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Syphilis

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Syphilis is a sexually-transmitted disease caused by a bacterium known as a spirochite. The bacterium resides in both the spinal fluid of its human host and if left untreated for long enough, will erode the tissues of the brain, causing insanity and death. Along the way, it produces pain in various parts of the body, notably including the genitals and eyes. The bacterium can be killed with contemporary antibiotic agents such as penicillin, but such techniques were unknown during the Baroque Era. Historically accurate methods of combatting syphilis included the ingestion of mercury, taken either orally or rubbed in to the skin, leading to the aphorism "A night with Venus, a lifetime with Mercury."

The prevalence of the disease is a recurrent topic in the Baroque Cycle, paralleling its dreary recurrence in real-life history. In the Cycle as in history, it is frequently referred to as the "French Pox."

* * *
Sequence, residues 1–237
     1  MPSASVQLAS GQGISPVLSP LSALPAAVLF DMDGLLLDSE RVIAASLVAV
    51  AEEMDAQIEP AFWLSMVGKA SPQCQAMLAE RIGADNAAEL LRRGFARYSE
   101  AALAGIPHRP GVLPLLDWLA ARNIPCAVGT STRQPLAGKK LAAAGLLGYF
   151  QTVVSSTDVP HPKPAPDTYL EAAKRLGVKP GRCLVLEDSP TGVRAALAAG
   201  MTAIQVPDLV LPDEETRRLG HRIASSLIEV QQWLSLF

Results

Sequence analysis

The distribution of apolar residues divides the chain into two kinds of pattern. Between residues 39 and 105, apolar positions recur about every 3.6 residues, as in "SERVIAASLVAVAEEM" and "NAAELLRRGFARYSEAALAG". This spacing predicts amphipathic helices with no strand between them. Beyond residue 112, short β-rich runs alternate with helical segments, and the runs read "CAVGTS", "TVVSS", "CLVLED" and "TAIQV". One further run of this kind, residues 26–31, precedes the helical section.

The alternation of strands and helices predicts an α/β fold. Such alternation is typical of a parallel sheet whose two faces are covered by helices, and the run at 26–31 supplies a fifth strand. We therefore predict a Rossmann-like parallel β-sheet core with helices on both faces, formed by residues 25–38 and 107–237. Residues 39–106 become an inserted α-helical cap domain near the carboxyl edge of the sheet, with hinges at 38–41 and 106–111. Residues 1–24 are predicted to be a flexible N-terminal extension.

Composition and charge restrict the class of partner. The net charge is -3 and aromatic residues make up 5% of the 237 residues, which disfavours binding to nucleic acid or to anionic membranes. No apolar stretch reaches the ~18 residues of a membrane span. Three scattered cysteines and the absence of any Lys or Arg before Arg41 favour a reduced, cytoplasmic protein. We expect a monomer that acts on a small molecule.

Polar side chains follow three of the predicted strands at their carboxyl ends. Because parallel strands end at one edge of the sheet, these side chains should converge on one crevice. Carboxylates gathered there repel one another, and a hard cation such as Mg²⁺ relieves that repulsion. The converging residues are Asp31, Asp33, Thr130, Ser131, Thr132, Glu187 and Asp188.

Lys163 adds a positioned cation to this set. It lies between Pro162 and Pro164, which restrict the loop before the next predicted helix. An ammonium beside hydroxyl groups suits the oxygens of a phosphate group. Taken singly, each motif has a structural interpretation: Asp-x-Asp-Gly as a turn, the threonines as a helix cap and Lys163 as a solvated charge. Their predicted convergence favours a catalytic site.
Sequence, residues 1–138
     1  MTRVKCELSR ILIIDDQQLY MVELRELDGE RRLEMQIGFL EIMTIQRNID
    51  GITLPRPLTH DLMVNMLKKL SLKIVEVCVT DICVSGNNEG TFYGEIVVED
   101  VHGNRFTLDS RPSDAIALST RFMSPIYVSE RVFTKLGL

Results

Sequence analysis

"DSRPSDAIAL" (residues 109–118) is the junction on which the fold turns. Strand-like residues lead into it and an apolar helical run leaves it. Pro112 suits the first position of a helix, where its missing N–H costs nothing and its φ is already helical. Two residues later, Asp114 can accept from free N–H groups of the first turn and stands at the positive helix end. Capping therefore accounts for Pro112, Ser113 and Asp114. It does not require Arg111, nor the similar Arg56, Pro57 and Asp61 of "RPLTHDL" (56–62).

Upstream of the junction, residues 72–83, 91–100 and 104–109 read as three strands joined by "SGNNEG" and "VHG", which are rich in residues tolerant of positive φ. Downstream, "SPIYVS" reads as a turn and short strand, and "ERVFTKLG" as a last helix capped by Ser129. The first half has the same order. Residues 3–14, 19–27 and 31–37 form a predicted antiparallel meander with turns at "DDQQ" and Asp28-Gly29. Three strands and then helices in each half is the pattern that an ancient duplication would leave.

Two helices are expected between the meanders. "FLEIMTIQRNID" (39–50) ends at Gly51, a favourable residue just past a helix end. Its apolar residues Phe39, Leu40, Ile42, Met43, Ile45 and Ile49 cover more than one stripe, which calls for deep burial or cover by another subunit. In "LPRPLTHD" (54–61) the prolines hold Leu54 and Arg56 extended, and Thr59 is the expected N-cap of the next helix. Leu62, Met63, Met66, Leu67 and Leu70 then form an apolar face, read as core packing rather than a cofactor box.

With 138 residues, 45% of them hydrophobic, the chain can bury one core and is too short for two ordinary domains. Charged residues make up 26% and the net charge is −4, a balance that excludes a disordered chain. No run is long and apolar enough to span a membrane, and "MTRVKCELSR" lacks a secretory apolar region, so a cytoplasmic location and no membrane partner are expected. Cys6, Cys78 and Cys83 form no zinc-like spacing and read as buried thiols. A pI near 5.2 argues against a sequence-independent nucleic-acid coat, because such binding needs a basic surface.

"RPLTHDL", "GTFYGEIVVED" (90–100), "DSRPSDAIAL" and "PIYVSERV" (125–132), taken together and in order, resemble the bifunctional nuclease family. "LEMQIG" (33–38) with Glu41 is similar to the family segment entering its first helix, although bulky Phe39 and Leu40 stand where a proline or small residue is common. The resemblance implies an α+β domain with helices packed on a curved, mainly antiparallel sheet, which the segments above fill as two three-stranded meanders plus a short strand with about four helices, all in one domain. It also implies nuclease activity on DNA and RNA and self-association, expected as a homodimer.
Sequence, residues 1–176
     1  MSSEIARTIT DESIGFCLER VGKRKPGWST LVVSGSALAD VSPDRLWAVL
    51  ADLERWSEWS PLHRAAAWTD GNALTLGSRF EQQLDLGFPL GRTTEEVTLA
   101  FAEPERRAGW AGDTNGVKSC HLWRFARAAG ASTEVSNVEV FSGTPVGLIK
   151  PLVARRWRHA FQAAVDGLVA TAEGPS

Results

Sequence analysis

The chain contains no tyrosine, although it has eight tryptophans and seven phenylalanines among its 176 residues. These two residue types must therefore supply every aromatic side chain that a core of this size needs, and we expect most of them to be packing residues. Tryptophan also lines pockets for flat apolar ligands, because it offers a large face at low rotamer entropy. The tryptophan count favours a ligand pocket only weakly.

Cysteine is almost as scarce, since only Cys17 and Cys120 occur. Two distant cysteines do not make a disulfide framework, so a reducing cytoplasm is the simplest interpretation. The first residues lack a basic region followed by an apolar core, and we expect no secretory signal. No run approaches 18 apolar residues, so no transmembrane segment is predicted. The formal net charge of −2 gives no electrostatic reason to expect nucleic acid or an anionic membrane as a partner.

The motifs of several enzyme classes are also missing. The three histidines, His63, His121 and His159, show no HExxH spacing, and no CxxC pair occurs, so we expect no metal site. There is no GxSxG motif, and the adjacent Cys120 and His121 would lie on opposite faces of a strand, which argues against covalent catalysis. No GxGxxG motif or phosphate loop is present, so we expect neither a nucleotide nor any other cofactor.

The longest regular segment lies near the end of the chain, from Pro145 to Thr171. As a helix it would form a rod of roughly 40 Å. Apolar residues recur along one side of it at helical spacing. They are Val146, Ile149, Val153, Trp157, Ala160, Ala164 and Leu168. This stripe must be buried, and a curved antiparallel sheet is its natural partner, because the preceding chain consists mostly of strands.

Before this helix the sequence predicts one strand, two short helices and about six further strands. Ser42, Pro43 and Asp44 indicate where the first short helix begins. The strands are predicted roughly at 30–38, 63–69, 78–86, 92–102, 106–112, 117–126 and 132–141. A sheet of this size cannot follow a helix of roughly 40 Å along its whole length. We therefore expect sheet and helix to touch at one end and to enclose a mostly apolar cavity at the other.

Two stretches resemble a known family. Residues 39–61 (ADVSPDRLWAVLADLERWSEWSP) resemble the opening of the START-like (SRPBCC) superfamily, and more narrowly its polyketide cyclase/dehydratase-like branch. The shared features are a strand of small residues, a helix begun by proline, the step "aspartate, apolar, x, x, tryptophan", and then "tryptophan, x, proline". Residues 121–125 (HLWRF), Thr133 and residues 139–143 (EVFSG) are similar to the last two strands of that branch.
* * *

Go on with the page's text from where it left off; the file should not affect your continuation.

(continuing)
Daniel Waterhouse is told by James II, then the Duke of York, that he suffers from syphilis and has transmitted the disease to his wife and mistress, and through them, to his children (Read more here ). This plants a seed in Daniel's mind that James is both morally and mentally inferior to the task of serving as King and helps motivate Daniel in instigating James' overthrow in the Glorious Revolution.

Jack Shaftoe contracts syphilis after siring his two sons, and seeks treatment from a disreputable French physician while he is dangerously drunk. The physician botches the job, slicing off a portion of Jack's penis with a hot poker, resulting in the vagabond's nickname "Half-Cocked Jack," and producing an inability to perform sexually in the usual fashion.

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